There’s always a lot going on when you live in a city, and generally, the hustle and bustle is exactly what made us want to live there in the first place. Sometimes, though, the constant clamor and being surrounded by buildings, cars, and other people, can be too much.
Other times we’re just ready for a change of pace, for something new. In a city, it’s really easy to get caught up in a routine of living your whole life within a two-block radius, and we have to remind ourselves to branch out a little bit.
Whether you’re looking for an escape or an adventure, there’s plenty of great places around Boston that are perfect for a day trip. If you’re ready to change things up, read on to see 8 easy and close places to visit outside of Boston.
1. Blue Hills Reservation
As much as I love living in the city, when I’m here for too long I really start to miss being in nature. Finding out how close I actually am to some great hiking spots has been life-changing, and Blue Hills is my favorite.
About a 25 minute Uber from Boston, Blue Hills Reservation makes a perfect trip for a day hike. The travel time isn’t long at all, and the plethora of trails and hiking options makes the journey well worth it.
Grabbing a map from the welcome center is a must before starting your hike, and when you do you’ll see that there are paths for every experience and challenge level.
There are some quick and easy thirty minute hikes that are little more than a walk in the woods, but to get the most out of your trip I’d recommend one of the longer routes. There are plenty of 2-3 hour excursions that anyone could do, and others that pose a challenge even to experienced outdoor enthusiasts.
These longer hikes culminate in a beautiful 360-degree view where you can see the Boston skyline in one direction, open water in another, and if you keep turning, there’s a gorgeous outline of tree-filled hills.
The hike is fun and refreshing (and free!), but if nothing else, the view is well worth venturing out of the city for.
2. The Arnold Arboretum
The Arnold Arboretum of Harvard University- while located nowhere near Harvard- is an easy, beautiful, and cheap destination to reach.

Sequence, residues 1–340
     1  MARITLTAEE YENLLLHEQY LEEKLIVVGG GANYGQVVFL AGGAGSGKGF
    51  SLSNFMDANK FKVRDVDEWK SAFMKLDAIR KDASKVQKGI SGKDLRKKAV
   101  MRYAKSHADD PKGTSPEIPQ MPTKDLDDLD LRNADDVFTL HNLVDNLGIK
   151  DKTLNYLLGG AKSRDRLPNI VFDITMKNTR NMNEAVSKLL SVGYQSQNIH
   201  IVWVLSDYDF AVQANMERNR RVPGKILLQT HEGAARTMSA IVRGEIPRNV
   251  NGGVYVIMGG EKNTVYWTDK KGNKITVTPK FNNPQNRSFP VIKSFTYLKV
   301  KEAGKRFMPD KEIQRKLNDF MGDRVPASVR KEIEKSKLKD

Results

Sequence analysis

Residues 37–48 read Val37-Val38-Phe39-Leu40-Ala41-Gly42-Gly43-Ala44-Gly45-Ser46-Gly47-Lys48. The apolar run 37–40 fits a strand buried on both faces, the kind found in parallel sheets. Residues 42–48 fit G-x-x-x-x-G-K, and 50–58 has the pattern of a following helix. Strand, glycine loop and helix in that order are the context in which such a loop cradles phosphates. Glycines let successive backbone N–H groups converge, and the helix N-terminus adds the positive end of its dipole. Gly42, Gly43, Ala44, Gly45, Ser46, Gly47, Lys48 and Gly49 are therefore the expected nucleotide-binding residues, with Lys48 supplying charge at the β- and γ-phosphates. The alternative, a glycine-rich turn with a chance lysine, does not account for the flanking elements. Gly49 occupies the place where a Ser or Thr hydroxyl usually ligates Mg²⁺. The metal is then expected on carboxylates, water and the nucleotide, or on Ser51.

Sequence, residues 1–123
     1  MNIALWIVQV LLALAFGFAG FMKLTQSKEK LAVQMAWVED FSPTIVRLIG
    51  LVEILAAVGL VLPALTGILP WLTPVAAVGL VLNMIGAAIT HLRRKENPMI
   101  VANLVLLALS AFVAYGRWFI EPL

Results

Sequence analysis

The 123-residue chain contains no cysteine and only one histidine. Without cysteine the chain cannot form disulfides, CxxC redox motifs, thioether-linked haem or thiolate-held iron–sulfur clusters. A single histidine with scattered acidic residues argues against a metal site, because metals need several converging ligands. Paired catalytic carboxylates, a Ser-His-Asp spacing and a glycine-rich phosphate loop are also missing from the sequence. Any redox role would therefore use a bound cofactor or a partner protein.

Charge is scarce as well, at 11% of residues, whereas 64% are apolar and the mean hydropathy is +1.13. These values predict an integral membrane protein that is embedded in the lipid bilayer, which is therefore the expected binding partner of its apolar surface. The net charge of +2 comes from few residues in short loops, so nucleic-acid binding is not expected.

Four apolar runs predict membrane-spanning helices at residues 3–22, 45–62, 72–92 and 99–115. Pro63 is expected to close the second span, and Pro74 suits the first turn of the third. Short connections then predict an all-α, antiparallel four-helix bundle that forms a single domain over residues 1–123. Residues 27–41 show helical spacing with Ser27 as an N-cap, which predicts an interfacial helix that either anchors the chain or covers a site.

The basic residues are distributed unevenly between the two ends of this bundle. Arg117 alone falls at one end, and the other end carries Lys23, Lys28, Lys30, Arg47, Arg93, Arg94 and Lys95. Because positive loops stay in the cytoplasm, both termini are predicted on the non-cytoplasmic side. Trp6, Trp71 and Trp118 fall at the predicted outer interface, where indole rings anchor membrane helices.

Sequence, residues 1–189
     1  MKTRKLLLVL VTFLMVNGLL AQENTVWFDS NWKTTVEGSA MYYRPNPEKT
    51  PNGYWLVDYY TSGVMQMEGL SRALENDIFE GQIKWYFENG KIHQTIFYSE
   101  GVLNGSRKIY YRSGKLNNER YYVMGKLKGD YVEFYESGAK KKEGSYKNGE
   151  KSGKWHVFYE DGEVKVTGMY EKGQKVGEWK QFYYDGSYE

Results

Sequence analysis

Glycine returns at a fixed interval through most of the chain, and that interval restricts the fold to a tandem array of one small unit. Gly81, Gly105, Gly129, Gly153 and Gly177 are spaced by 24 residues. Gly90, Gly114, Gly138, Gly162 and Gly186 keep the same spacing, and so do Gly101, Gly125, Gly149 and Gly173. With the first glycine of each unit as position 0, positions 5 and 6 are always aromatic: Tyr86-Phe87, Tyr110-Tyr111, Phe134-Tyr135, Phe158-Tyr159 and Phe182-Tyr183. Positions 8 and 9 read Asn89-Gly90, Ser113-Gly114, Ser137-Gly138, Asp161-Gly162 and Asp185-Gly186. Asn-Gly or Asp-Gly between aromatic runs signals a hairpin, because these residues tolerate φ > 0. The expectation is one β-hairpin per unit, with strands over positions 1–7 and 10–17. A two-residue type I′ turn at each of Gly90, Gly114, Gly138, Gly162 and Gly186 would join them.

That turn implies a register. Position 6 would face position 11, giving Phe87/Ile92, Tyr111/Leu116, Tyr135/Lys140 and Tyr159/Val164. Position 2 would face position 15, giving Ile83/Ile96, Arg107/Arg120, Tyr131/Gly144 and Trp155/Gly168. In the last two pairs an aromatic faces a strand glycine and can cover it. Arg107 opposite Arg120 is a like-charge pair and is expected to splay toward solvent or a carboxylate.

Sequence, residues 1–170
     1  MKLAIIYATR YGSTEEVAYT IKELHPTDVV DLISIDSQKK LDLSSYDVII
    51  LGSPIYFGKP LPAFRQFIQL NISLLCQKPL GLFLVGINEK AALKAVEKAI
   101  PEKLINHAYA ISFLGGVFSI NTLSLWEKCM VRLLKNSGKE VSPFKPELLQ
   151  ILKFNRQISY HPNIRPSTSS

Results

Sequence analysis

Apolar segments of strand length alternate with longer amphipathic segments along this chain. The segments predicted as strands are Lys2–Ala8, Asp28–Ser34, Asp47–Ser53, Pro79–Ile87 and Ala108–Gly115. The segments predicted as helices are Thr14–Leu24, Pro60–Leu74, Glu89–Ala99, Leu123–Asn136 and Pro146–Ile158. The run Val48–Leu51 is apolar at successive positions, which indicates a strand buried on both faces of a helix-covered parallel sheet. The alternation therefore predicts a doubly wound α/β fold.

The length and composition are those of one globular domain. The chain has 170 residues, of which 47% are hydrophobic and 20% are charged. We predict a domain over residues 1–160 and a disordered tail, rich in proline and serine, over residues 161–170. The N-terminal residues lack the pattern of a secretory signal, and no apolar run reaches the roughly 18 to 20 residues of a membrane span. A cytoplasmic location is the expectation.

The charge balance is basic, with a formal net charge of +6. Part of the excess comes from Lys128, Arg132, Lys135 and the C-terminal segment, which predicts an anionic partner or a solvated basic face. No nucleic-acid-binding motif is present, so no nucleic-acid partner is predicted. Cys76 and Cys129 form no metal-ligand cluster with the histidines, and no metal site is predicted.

Located at the end of the orange line (take it outbound towards Forest Hills), the arboretum is only a few minutes’ walk away from the station.
If you’re looking to immerse yourself in nature without having to work up the sweat of a hike, the arboretum is for you.
Another free excursion, the arboretum is a huge space dedicated to simply allowing people to be among plants. The trees and other plants are labeled, so you can learn as you make your way through, and there are some great exhibits as well, such as the bonsai tree garden.
Filled with creeks and rocks, in addition to the trees, the arboretum provides a breathtaking view. If you’re willing to branch off from the paved path and onto a dirt one leading into the woods, you’ll be rewarded with the best view the space has to offer.
The Arnold Arboretum is a Massachusetts staple that you can’t miss, especially considering how close it is to the city and its easy T access.
Salem is known for its spooky history, so it’s always a prime destination during the Halloween months. However, this town makes a fun mini getaway at any time of year.
Considering it’s a whole separate city, Salem is surprisingly close to Boston and easy to get to. It takes a little bit of comfort with public transport, but all things considered, the trip is well worth the effort.
To get there, take the green line inbound to North Station, then transfer to the commuter rail and get off at Salem. It takes less than an hour to get there, and round trip, the journey only costs about $15.